Beam-powered propulsion is a class of aircraft or spacecraft propulsion mechanisms that use energy beamed to the spacecraft from a remote power plant to provide energy...

Propellant is heated by light beam (often laser) aimed at vehicle from a distance, either directly or indirectly via heat exchanger simple in principle, in principle very high exhaust speeds can be achieved ~1 MW of power per kg of payload is needed to achieve orbit, relatively high accelerations, lasers are blocked by clouds, fog, reflected laser light may be dangerous, pretty much needs hydrogen monopropellant for good performance which needs heavy tankage, some designs are limited to ~600 seconds due to reemission of light since propellant/heat exchanger gets white hot
microwave beam powered rocket
Beam-powered propulsion
Beam-powered propulsion is a class of aircraft or spacecraft propulsion mechanisms that use energy beamed to the spacecraft from a remote power plant to provide energy...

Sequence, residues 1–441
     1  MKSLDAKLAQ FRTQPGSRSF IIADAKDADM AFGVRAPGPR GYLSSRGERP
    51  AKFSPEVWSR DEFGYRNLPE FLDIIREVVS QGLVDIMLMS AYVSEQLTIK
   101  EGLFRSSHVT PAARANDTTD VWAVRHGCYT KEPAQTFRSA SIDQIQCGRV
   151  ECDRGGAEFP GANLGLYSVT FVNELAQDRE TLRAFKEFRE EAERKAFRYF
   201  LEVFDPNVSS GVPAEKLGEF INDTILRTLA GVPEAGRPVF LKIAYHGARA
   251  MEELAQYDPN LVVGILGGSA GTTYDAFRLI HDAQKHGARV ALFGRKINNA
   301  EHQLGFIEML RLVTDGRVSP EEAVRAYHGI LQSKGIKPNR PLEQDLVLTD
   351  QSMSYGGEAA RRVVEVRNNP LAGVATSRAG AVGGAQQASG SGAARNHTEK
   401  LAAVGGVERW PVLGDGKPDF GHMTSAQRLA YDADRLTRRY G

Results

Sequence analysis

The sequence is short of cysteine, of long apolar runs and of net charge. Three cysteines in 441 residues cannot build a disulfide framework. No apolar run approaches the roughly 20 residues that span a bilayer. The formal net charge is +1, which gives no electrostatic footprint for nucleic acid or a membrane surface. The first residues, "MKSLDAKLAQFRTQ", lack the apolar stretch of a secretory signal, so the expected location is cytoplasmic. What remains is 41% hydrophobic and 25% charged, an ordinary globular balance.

Propellant is heated by microwave beam aimed at vehicle from a distance microwaves avoid reemission of energy, so ~900 seconds exhaust speeds might be achieveable ~1 MW of power per kg of payload is needed to achieve orbit, relatively high accelerations, microwaves are absorbed to a degree by rain, reflected microwaves may be dangerous, pretty much needs hydrogen monopropellant for good performance which needs heavy tankage, transmitter diameter is measured in kilometres to achieve a fine enough beam to hit a vehicle at up to 100 km.

Nuclear thermal

Type Description Advantages Disadvantages
Radioisotope rocket/"Poodle thruster"
Radioisotope rocket
The radioisotope rocket is a type of rocket engine that uses the heat generated by the decay of radioactive elements to heat a working fluid, which is then exhausted through a rocket nozzle to produce thrust...

 (radioactive decay energy)